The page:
RIO DE JANEIRO — Raked over the coals for months now, portrayed as a bumbling, corrupt, polluted cesspool of crime that never should have hosted the Olympic Games, the city of Rio de Janeiro and the nation of Brazil are punching back, hard … at American swimmer Ryan Lochte of all people.
Authorities here do not believe Lochte was mugged at gunpoint Sunday morning, as he has alleged in the media and in an interview with police.
They don’t believe he and three fellow swimmers had their taxi stopped by robbers disguised as police. They don’t believe they had guns drawn on them and they certainly don’t believe an organized criminal crew like that would take their money but not their cell phones and jewelry.
Lochte captured one gold in a swimming relay here but because of past success, his looks and a willing participation in the Hollywood self-promotion machine, he is a big star.
His claims of a wild and dangerous night on the streets of Rio went global. It’s the very headline that government officials dread, scaring off tourists and business investments alike. If four big, strong Olympic athletes aren’t safe riding in a taxi then who is? Your kids? Your employees?
Rio isn’t taking this black eye quietly.
On Wednesday, a local judge issued an order
to seize the passports of Lochte and fellow American swimmer Jimmy Feigen, essentially assuring they couldn’t leave the country. He ordered them to be subjected to more questioning, citing inconsistencies in – and implausibility of – their stories of what happened that night.
Lochte had already left Brazil, though, flying back to the United States before the order was issued. He told NBC on Wednesday that no one told him he couldn’t go and that he had offered full cooperation.
Feigen, however, was still in Brazil after not showing up for his flight. He told USA Today that he would cooperate. The United States Olympic Committee stated that the two other swimmers there that night, Jack Conger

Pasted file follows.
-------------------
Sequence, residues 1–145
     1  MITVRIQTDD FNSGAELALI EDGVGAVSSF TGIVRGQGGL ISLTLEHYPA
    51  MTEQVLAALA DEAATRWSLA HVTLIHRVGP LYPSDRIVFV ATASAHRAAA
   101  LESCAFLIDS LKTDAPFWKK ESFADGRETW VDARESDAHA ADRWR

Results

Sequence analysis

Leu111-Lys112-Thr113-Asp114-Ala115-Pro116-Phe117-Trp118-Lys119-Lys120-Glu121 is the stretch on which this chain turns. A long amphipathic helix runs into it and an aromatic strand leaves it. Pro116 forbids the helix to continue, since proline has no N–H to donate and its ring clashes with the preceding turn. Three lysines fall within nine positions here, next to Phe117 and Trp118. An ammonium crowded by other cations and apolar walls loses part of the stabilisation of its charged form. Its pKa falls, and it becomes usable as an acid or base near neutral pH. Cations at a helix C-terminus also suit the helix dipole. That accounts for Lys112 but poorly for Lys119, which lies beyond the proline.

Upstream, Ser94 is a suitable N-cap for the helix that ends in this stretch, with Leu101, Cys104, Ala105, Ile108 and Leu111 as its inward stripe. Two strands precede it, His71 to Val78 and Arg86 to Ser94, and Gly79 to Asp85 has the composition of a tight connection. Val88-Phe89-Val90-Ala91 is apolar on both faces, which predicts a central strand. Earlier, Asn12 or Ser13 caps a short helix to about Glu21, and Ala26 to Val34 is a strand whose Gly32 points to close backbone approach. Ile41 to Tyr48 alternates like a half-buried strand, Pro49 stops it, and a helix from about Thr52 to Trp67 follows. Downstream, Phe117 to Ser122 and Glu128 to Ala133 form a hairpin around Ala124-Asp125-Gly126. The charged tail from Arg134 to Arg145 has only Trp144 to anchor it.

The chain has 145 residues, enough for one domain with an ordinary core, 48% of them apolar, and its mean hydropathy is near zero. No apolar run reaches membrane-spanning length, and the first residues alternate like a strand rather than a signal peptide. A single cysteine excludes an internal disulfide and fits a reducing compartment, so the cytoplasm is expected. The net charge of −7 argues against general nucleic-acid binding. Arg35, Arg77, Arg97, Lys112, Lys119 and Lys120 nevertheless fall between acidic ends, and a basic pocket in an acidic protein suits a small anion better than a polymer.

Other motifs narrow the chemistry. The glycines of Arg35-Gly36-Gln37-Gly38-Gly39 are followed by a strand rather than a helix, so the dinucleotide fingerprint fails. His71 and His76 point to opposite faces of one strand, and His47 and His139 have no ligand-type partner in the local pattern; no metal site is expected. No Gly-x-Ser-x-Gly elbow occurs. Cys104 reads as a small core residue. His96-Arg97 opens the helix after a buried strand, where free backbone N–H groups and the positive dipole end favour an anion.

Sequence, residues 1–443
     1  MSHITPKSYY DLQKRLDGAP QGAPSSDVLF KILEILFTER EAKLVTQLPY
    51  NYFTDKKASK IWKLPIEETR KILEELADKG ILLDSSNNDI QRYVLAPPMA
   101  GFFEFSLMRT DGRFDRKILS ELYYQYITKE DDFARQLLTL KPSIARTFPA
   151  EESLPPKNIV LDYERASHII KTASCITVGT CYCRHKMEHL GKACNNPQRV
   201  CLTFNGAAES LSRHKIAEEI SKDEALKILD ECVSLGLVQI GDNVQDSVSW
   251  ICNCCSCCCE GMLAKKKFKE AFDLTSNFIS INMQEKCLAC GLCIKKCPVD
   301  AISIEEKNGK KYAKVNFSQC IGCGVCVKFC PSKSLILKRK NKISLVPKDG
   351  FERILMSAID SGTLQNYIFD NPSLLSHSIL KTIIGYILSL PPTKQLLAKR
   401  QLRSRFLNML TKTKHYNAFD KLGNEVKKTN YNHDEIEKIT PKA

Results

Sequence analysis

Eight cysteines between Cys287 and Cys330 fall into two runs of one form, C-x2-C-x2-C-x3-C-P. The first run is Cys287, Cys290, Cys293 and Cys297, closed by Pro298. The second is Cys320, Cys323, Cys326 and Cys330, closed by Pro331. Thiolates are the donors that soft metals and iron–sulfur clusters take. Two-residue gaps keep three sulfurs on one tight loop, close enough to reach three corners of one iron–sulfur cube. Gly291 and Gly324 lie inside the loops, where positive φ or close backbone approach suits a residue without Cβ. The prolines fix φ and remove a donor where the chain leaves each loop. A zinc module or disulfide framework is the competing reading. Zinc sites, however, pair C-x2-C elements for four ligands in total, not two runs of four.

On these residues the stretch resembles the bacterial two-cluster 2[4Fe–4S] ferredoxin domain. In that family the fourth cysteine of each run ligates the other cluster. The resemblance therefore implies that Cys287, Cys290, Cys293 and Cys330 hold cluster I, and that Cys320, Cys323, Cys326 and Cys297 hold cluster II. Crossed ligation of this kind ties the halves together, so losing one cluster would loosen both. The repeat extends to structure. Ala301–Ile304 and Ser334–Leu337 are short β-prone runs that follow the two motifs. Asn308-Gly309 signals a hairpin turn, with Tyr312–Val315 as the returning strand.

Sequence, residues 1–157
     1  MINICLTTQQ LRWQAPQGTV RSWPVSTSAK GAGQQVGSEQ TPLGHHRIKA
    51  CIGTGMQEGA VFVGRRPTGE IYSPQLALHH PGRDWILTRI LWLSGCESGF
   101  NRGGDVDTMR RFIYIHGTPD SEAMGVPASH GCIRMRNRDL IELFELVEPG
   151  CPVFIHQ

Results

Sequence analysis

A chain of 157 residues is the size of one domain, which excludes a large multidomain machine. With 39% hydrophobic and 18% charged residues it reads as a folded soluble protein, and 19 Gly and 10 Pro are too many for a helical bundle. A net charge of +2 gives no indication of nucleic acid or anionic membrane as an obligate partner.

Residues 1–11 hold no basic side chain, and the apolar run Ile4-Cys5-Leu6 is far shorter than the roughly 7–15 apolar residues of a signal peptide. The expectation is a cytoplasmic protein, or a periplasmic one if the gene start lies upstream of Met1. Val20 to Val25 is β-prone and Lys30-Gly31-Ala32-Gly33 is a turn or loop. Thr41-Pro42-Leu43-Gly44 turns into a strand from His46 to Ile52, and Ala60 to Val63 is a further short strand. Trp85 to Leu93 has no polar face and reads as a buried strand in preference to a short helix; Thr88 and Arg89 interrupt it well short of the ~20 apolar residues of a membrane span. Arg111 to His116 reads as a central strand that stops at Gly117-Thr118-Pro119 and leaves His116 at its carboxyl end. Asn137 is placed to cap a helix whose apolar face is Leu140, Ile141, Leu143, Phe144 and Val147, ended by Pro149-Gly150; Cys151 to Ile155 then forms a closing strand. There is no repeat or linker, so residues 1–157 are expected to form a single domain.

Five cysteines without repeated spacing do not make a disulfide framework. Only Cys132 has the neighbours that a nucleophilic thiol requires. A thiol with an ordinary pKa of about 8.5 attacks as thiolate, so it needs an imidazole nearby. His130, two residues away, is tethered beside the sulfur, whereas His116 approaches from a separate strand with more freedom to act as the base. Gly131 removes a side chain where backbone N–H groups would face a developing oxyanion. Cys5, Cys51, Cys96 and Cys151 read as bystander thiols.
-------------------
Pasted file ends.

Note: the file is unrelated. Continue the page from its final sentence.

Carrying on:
and Gunnar Bentz
, “were removed from their flight to the United States
[Wednesday night] by Brazilian authorities.” A representative of the American consulate here was seen at the airport.
This is a major show of force by the Brazilians, especially for what might be, at most, a falsified police report or perhaps some kind of lying to the police by Lochte and Feigen, one of whom already scurried home and the other was in the process of doing so.
It’s believed neither Conger nor Bentz spoke to police or misled anyone and aren’t facing any potential charges. If so, the Brazilian government just pulled two passengers from an international flight so they could serve as potential supporting witnesses.
That’s how seriously Brazil is taking this.
And that is what has to concern all four of the people involved.
For the sake of argument, assume that the Brazilians are correct, Lochte is lying and there never was a robbery. There are massive holes in the story. The timeline doesn’t match up. The inability of Lochte or the others to identify a taxi driver or a taxi company is suspicious. No driver has come forward to police, his cab company, anyone. Perhaps he was involved. There’s no telling, but the swimmers didn’t call police or USOC officials at the time.